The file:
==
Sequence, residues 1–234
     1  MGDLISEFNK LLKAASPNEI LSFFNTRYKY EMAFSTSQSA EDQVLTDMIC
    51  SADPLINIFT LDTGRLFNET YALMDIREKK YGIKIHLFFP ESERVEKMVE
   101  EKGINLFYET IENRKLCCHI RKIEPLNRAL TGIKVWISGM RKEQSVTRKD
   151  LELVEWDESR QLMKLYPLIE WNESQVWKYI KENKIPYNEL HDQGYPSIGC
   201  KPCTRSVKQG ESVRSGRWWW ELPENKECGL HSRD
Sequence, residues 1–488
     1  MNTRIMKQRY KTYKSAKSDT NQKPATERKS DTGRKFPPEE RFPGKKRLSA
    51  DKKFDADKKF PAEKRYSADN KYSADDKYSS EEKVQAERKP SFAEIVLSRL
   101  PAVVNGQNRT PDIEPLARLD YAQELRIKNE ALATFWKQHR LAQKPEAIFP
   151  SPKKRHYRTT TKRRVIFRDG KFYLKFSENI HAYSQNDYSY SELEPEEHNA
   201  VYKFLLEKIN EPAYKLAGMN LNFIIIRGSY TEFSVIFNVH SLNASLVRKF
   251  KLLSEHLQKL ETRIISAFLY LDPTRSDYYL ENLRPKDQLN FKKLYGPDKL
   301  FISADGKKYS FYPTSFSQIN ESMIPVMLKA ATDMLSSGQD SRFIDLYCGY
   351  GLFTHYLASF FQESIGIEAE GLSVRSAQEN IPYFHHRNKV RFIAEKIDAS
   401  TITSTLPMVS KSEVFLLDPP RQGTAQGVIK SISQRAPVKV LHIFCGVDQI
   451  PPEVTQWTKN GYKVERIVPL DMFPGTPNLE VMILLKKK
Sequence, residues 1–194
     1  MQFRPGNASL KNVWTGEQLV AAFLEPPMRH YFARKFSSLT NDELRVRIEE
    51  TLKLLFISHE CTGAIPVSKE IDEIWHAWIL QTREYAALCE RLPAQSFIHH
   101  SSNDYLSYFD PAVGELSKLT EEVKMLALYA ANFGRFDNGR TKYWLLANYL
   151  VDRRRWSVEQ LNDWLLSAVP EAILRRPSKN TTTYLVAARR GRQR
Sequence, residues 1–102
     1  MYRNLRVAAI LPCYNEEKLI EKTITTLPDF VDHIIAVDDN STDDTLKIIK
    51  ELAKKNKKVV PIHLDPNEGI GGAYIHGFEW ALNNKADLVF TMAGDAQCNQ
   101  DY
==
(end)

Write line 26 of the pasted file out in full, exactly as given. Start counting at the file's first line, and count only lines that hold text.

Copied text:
   101  DY